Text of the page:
We can know that returns on invested capital have been good given that CNRD has compounded book value at nearly 14% for the last ten years and more than 20% for the last five.
Insider ownership is just about 50% but executive compensation is reasonable. Management is not abusing shareholders in the slightest and has been aggressively buying back shares – annually retiring about 3% of shares.
The risks here are the cyclicality of the business and some customer concentration. Neither of these is especially concerning given the price we are paying. CNRD’s capital structure can handle a downturn just fine and while government and oil make up large parts of revenues, it is worth noting that these are both uniquely steady and reliable customers.
With a 33% earnings yield we pay for the investment in three years. Even if we are near peak earnings for this cycle, that is awfully cheap.
I have been following the company since 2010 when I first purchased it for my personal portfolio at around $8 per share after searching through the business casualties of the Deepwater Horizon incident. At the time it was the best risk/reward investment I had ever seen. At nearly $18 I still believe it is a good investment.
So what’s the catch? Why is it so cheap?
It’s illiquid and it’s cyclical.
CNRD is illiquid which means that large, intelligent buyers can’t participate (there aren’t very many advantages to having small amounts of capital but this is one of them.) Even smaller funds would have a hard time taking a position in a company like this. Aside from the fund’s prohibitive size they must always be afraid of investor redemptions which would force them to sell shares into lurking limit orders, placed by bottom feeders (like me), in order to gain the liquidity that the fund needs to exit the position. I am fortunate to have patient investors so taking advantage of a situation like this becomes possible. I have never thought liquidity should be much of a prohibitive issue just as ease of divorce should not be a reason in favor of commitment.
The cyclicality makes the business somewhat unpredictable. Lucky for us, foolish Mr. Market seems to fear uncertainty more than risk and the negative cyclicality is more than priced in. Benjamin Graham once said something to the effect of “most investor losses come from poor companies purchased in good times” which then results in the investor losing money as earnings regress to the mean. Of course any business is a great investment at one price and a terrible investment at another. CNRD may not be a great business but it is better than average. I don’t believe that the business risk in CNRD is substantial at $16 per share given that the company has a good history of operations and could likely be liquidated for not much less than $16.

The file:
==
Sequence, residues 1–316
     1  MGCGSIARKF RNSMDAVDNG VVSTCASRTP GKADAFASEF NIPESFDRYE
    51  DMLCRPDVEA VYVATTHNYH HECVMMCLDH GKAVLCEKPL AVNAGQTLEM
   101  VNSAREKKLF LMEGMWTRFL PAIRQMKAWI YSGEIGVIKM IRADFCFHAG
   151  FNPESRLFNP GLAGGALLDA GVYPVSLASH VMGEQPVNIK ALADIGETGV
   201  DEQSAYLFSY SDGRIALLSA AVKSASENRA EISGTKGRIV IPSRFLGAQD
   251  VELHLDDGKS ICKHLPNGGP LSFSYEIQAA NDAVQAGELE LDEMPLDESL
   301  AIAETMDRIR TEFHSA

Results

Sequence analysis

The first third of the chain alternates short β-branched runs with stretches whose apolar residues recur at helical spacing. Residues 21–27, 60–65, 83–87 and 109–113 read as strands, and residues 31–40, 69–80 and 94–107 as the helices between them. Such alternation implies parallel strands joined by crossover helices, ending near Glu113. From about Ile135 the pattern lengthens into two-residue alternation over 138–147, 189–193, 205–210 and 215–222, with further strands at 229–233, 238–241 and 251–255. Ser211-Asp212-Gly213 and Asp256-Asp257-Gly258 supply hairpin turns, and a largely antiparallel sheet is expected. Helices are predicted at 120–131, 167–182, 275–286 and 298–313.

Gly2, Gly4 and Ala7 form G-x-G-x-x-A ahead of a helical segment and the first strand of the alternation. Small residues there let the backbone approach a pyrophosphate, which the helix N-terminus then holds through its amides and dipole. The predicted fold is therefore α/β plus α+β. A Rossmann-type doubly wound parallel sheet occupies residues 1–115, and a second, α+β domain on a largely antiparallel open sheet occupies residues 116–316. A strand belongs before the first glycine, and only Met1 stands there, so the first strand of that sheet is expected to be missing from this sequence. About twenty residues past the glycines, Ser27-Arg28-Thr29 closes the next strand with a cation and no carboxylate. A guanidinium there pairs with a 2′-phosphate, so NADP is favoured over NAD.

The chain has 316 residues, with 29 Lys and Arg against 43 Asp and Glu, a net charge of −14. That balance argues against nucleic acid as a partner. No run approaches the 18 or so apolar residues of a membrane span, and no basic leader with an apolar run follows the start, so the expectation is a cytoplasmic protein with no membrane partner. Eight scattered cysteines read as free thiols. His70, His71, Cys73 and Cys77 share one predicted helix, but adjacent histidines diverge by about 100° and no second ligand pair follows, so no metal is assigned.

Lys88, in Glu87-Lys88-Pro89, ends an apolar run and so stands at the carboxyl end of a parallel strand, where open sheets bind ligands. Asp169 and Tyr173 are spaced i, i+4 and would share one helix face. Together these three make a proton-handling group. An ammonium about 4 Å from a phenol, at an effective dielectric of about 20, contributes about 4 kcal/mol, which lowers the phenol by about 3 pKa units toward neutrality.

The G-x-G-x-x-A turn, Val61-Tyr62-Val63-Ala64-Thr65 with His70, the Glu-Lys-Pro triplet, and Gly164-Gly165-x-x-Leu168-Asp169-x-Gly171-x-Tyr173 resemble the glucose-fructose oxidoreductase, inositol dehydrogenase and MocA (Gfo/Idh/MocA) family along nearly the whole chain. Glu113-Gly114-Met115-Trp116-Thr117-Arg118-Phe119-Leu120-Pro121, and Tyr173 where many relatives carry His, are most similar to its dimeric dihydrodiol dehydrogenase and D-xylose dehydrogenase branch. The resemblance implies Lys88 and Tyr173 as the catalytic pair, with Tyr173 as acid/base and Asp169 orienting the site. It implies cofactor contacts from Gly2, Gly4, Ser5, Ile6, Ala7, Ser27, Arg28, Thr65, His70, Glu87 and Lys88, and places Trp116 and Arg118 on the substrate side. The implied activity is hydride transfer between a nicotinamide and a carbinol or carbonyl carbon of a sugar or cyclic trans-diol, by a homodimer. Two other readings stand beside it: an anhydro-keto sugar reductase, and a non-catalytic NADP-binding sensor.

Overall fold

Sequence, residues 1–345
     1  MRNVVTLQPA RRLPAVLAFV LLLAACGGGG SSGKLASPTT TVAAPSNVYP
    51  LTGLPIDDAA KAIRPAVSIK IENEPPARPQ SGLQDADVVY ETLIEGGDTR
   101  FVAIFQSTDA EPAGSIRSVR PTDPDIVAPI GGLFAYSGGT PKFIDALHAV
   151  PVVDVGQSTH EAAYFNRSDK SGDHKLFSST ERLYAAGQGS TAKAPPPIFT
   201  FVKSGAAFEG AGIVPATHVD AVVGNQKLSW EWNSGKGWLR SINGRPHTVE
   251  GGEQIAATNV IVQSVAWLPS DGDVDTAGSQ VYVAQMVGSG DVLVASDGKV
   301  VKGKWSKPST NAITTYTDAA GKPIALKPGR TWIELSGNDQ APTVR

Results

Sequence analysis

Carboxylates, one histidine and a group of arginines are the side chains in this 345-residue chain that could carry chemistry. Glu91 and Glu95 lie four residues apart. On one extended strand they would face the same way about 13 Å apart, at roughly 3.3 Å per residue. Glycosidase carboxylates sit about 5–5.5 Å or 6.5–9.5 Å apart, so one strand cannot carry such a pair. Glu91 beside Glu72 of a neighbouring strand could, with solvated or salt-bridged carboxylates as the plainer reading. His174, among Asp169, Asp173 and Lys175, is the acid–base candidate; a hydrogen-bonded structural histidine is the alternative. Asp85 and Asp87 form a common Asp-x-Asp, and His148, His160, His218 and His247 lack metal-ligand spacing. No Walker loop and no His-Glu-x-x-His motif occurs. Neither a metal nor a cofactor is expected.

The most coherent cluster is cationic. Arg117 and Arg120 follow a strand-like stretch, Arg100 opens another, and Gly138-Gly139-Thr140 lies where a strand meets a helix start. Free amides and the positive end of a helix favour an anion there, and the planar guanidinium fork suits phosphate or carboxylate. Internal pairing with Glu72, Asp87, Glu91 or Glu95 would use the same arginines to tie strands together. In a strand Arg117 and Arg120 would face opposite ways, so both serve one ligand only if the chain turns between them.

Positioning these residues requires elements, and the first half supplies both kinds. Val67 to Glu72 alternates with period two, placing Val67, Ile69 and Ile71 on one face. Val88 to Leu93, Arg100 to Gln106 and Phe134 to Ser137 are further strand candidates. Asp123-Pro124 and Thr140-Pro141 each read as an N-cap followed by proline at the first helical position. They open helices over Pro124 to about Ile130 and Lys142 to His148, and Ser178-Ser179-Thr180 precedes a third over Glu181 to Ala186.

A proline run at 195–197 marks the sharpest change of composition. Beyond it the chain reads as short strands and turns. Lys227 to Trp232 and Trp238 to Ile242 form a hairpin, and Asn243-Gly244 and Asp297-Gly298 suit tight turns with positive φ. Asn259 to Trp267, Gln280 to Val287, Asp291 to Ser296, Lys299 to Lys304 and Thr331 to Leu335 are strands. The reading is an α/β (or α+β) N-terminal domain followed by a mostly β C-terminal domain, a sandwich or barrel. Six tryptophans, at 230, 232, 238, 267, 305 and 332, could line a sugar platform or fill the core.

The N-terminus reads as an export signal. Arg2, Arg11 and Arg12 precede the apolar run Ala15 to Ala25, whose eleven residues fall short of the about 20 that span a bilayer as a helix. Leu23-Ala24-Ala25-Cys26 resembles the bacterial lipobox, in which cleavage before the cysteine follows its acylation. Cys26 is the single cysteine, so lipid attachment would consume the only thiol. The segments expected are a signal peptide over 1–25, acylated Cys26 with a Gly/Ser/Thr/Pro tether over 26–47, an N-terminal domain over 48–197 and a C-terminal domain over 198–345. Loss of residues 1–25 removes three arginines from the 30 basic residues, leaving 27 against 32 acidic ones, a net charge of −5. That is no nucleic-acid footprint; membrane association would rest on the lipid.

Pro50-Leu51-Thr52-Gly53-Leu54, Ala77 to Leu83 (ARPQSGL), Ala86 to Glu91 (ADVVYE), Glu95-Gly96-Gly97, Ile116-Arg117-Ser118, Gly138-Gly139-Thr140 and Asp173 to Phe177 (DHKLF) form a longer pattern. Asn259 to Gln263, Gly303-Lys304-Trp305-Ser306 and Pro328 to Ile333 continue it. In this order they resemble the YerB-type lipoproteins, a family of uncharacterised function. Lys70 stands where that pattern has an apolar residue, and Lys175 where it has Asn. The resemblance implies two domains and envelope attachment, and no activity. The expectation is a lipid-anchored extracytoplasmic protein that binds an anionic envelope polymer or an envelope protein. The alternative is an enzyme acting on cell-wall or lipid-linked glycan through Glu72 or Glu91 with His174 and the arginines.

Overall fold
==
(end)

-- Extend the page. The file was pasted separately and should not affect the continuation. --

The situation reminds me a little of KSW because KSW was similarly illiquid and cyclical with substantial insider ownership and a solid balance sheet. I first purchased KSW for about $2.90 in 2010 thinking it was worth about $6. It then rallied to over $4 and I sold it not because it had reached full value but because I found something more attractive. In the summer of 2011 KSW was once again pushed down to about $3 at which point I bought it again. The price eventually climbed to about $4 before it was bought out at $5 by another company. This up and down over more than two years is typical of value investments and just because the person who bought my shares from me at over $4 had to sit on 30% losses for a time, it doesn’t mean that anything had changed with the business or that their investment was a poor one. It just takes time for value to be realized. I never judge how the investment is doing based on the share price, it’s how the business is performing and the value of the underlying assets that matter. Eventually the market will realize that value.
I am increasingly convinced that basic quantitative evaluation outperforms qualitative evaluation. I think most of the outperformance comes from the elimination of investor bias – in other words, eliminating investor emotion. In a game of probabilities, which investing so often is, a purely logical formula is likely to beat those who make decisions that mood could possibly influence. I continue to move further in this quantitative direction as I see more and more evidence that it works.
The bulk of my strategy consists of running a variety of screens that have a long history of outperformance, then further narrowing down the list by qualitative evaluation. In the last year the basic quantitative screen has beaten my performance. Of course, any time frame less than three years is mostly meaningless but I will continue to heavily rely on a purely quantitative formula to generate lists and will focus on the highly ranked companies when I make my decisions. Most of my losses over the years have come when I strayed from the surety of the numbers into biased projections of what a company’s potential was. Benjamin Graham would not have been impressed.
I will remain true to a strategy that has worked ever since equities have existed and has also worked in every market around the world. The strategy is buying cheap companies based on the numbers in obscure and inefficient areas of the market, being patient, and holding enough companies that the odds can work in your favor. As Warren Buffett has said so many times, “investing is simple, but not easy.” Kind of like dieting.
Stocks are not as cheap as they were a year ago, however, they are still the best of the investing alternatives as far as I can see. I think we will be glad that we owned them, and not something else, in 3-5 years.
(The above is not a solicitation or recommendation to buy. Do your own research, do not rely on mine. The author holds a position in CNRD)